Players like Aaron Cox aren't afraid to push the fashion boundaries. But is this practice good for the game?

From the early days of the plus-fours and ruffled cravats, to today’s bright colours and plaid ensembles, golf and fashion have long been intertwined.

That’s not to say that golf fashion has necessarily been “fashionable”. Just look at golf photos from the 1970s (or some of the blokes on tour today) and you’ll get my drift.

Attire on the golf course has been a contentious subject of late. The Inside Golf mailbag and inbox are full of letters decrying the “imminent demise of Neat and Tidy”, while last month’s cover photo of a “scruffy looking” Aaron Baddeley even got a fair amount of unhappy reader letters (see page 87).

In the continuing struggle to retain members, and attract the ever-important junior contingent, some clubs are beginning to relax the traditional dress codes. White socks and collared shirts still reign supreme, but it seems that more clubs are starting to “turn a blind eye” to the more creatively-attired players these days. It’s a neon-coloured grey area.

There are two sides to the argument. Traditionalists argue that the standards of Neat and Tidy attire MUST be adhered to in order to preserve the traditions and essence of the game. They contend that if we relax the dress codes – even a smidgeon– then the entire game may spin out of control into the equivalent of a no-holds-barred, “golfers gone wild” frat party.

On the other side of the fairway are those who claim that the game is entrenched in old-fashioned, elitist attitudes and antiquated traditions that have little appeal to the younger generations. They say that if we fail to capture the kids’ attention, the game will dwindle in popularity until it is equal in regard to, say Olympic Trampoline.

Dress codes in nearly all sports have regularly adapted to the times. From the AFL, to (Twenty20) Cricket, to American baseball to the NBA… uniforms have regularly reflected the fashion and styles of the younger generations. It’s seen by some as a “necessary evil” in order to ensure the survival of the sports.

Golf is no different. I’m sure there was a similar outcry centuries ago when a small band of golfers eschewed their kilts and animal skins to don (heaven forbid) ties, knickerbockers and morning coats. And what about those heathens in the 1920s who (gasp) stopped wearing formal jackets on the links? Or the “Free-thinkers” with the radical concept of NOT tucking their long pants inside their socks; or those who wore bowties, V-neck sweaters and even (double-gasp) short pants!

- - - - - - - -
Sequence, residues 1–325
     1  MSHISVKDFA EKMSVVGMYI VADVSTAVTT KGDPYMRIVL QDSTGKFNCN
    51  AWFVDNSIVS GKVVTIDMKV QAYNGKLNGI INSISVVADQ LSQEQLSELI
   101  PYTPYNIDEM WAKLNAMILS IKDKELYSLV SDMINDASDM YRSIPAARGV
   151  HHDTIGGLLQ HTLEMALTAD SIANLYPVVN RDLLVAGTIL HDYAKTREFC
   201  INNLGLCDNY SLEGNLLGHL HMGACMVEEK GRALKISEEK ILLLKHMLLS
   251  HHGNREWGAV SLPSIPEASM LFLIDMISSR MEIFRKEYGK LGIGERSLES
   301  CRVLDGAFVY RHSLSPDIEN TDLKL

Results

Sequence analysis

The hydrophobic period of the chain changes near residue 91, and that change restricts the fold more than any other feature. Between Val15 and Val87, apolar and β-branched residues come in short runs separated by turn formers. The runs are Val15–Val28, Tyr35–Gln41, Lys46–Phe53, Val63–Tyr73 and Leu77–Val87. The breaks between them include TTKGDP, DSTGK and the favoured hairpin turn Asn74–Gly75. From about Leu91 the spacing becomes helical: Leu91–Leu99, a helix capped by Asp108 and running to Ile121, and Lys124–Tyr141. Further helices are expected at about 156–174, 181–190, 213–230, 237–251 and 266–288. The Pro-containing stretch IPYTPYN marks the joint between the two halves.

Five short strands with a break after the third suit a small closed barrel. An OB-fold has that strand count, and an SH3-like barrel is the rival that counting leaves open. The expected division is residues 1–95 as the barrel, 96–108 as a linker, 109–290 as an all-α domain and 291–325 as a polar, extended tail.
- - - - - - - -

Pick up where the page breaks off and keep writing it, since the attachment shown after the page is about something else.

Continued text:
When you think about it, today’s accepted “Neat and Tidy” attire – namely the short-sleeve collared shirts, pleated shorts and golf caps – would have golfers of the 1900’s covering their niblicks in shame.

I’m not saying that we need to allow singlets and budgie smugglers on the course – on the contrary, I firmly believe that young golfers and beginners need to respect the traditions and the culture (and attire) of the game. But if we really want to keep our game alive, surely we can open up our minds a little, and maybe let our white socks drop a bit? There is certainly a compromise out there.

See you on the fairways (in a collared shirt, of course).



About Richard Fellner

A four-time winner of the Australian Golf Media Awards, including Best Photojournalism, Best Opinion, Best Column and Best Photographic Presentation, Inside Golf Group Editor Richard Fellner is the quintessential Golf Tragic, having played the game for over 50 years (but has never gotten any better!) He has played and reviewed courses all over the world, and has interviewed many of the great players of the game (including Jack Nicklaus, Tom Watson and Greg Norman). Richard is a member of both the Australian Golf Media Association and the Golf Society of Australia, and has been a featured guest on many Australian "sports talk" radio shows and networks, including ABC Grandstand, SEN 1116, Melbourne Talk Radio 1377, 2GB and others. Follow Richard Fellner on Quora


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4 Responses to "Knicker(bockers) in a knot: The ‘Attire’ debate on the golf course"

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